If you are a director, officer, auditor, or even an employee of
a public corporation, one day you could receive an official letter
from a Securities Commission
("Commission"). In Alberta the letter
would most likely be from the Alberta Securities Commission. If the
public company trades on a U.S. exchange, you may also receive a
letter from the Securities and Exchange Commission
("SEC"), which regulates trading of
public securities in the United States.
The first thing that you should do upon receiving any such
letter is seek legal advice. Responding to official inquiries from
Commissions is a serious matter. If the responses are not complete
or misleading, then you could be facing a separate charge under the
relevant Securities Act for failing to comply with the
Act or regulations.
Disclosure Inquiry Letters
These letters typically raise questions about the public
disclosure or nondisclosure of information, events or documents by
the corporation. When these letters are received they should be
disclosed immediately to the corporation's auditors and the
corporation's lawyers. A response should be drafted with the
assistance of the external auditors and legal advisors. Drafts of
the response letter should be marked "privileged and
confidential." There should be sign-off by the external
auditors and legal counsel on the final letter before it goes to
Confidential Nature of the Investigation
Where the Commission decides to proceed with an investigation,
the Director of Enforcement will issue an Investigative Order. The
Order outlines the scope of the investigation and the persons who
are appointed to complete the investigation.
Under section 45 of the Alberta Securities Act, all
information or evidence obtained pursuant to an investigation is
confidential. However, the Securities Act does permit
disclosure to corporate counsel and where authorized by the
Executive Director of the Commission. Further, the Commission will
provide the Investigative Order to external counsel on strict
confidentiality terms that limits disclosure of the Order.
If the public corporation trades on a US exchange, the SEC may
also commence investigations. The initial letter received from the
SEC is known as a "voluntary disclosure letter." Unlike
investigations by the Alberta and Ontario Securities Commissions,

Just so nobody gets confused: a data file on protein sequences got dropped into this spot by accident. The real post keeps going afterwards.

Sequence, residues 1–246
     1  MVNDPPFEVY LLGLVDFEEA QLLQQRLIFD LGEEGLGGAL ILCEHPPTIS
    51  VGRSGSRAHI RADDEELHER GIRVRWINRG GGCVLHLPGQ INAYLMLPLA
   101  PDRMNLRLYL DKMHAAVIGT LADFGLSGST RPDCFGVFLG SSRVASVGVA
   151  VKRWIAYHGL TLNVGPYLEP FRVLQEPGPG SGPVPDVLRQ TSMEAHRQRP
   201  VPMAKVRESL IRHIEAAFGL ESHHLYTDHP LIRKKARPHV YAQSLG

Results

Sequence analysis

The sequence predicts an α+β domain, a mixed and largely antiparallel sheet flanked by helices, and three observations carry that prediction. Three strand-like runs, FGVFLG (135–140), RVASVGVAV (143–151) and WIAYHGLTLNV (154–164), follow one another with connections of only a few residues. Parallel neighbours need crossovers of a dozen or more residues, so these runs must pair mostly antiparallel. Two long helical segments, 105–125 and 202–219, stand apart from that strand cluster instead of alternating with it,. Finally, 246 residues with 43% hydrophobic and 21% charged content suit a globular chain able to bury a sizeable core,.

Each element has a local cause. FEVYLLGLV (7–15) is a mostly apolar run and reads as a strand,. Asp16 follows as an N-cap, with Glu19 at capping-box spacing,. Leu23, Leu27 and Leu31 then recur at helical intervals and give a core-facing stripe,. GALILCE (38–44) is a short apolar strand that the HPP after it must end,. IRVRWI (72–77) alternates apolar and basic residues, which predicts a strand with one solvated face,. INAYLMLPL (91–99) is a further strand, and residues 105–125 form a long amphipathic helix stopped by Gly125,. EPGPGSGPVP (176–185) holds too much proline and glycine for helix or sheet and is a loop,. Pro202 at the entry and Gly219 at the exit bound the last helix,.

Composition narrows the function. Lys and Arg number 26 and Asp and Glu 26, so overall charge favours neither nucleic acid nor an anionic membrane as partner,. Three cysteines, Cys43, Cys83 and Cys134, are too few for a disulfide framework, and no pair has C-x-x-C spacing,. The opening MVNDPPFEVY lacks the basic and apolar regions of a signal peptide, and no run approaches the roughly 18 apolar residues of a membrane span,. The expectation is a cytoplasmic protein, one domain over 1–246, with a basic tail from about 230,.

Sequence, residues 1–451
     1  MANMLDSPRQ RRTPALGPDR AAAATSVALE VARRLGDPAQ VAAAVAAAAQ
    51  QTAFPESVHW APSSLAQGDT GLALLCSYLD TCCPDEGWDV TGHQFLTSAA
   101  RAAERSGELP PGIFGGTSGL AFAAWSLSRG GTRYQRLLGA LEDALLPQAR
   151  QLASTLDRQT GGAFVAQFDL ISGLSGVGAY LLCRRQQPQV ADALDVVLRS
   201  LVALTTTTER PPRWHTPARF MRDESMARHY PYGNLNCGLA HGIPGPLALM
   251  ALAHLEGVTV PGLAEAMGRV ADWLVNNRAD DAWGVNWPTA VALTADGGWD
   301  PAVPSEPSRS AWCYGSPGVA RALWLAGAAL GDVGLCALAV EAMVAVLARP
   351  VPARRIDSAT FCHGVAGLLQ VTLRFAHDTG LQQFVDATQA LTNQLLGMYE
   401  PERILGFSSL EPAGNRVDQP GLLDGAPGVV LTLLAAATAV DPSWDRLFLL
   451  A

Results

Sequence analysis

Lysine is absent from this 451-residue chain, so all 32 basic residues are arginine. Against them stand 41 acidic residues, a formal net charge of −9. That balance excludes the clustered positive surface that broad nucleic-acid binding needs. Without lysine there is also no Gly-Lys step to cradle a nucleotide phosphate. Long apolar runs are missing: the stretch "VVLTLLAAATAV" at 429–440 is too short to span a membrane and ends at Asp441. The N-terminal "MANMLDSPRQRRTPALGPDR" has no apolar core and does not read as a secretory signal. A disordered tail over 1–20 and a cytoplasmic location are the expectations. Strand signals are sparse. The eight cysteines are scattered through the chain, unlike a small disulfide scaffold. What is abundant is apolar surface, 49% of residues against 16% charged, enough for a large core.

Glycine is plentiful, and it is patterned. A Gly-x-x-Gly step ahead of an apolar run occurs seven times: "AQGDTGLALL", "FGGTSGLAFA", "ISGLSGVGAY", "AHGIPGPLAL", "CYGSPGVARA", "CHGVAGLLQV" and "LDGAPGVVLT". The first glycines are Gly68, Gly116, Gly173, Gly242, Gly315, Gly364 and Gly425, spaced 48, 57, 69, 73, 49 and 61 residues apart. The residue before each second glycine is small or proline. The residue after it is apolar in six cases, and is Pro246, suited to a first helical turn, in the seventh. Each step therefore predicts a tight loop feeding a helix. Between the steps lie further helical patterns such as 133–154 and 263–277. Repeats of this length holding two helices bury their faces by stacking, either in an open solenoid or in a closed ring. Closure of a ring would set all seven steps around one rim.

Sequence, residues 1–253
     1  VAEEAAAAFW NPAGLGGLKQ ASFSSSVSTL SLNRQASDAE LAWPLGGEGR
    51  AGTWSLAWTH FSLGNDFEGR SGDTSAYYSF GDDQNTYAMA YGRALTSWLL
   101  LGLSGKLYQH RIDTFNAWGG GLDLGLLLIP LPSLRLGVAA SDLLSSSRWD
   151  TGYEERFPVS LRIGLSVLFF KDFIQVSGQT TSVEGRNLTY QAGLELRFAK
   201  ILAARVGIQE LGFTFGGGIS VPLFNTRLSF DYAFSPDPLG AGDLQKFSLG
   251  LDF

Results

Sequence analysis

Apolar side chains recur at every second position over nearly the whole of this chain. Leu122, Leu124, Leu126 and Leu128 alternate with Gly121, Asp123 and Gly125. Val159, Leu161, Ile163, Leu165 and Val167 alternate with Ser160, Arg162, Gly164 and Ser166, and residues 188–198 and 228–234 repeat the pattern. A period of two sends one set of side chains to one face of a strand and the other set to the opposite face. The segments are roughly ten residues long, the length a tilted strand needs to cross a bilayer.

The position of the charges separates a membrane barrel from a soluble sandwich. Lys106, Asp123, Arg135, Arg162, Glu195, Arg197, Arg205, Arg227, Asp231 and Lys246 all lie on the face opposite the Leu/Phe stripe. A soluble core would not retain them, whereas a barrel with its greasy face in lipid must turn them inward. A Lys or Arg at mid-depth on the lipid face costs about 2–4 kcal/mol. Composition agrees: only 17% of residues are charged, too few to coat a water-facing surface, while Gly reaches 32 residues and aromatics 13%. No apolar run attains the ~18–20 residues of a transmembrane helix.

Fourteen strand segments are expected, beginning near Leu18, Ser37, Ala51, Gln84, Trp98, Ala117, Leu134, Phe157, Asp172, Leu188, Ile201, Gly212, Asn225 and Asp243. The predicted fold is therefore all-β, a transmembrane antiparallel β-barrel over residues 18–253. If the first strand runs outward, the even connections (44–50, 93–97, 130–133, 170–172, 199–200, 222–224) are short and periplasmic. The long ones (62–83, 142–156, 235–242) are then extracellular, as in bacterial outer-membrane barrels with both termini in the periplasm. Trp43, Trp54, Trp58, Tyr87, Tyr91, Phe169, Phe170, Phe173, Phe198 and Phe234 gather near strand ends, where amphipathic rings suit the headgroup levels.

there is no requirement of confidentiality imposed by the SEC about
the fact of an investigation or the voluntary disclosure
Claims of Privilege
Where Commissions are investigating public corporations it is
often the case that the corporations are in financial difficulty.
For example, there may be CCAA proceedings that are underway,
bankruptcy proceedings or a receivership. Further, there are often
class actions against the company for alleged misrepresentations
which are typically brought under the provisions of the
Where a Commission investigation is concurrent with ongoing
litigation, all parties must be vigilant about not providing
commissions with documents over the corporation, or other parties,
may be claiming privilege. Trying to address potential privilege
claims can be challenging. Again, it is highly recommended that the
corporation seek the consent of the Director of Enforcement to
allow limited disclosure to attempt to deal with such privileged
Production of Documents and Examination
Under section 42 of the Alberta Securities Act, the ASC
may require an individual or corporation to produce all relevant
documents. The order to produce documents is often very broad in
scope. In our experience, however, the Commission is quite prepared
to identify sections of working papers or time periods in which it
is particularly interested. This can significantly limit the
documents which are required to be provided to the Commission in
response to the subpoena, summons or voluntary disclosure
Once documents have been produced, the Commission may require an
individual to attend before the Commission to be examined under
oath. It is open for the individual to attend represented by
counsel. However, neither the examined party nor the lawyer will
receive a copy of the transcript made at the examination unless the
Commission later calls the individual as a witness.
Securities Commissions are continually increasing their
activities surrounding enforcement of the Securities Act.
Therefore, it is increasingly common that public corporations,
their directors, employees, and auditors receive letters from
securities Commissions. Where inquiry letters or notices from
securities Commissions are received, it is prudent for all persons
to seek experienced legal counsel to assist in responding
The content of this article is intended to provide a general
guide to the subject matter. Specialist advice should be sought
about your specific circumstances.
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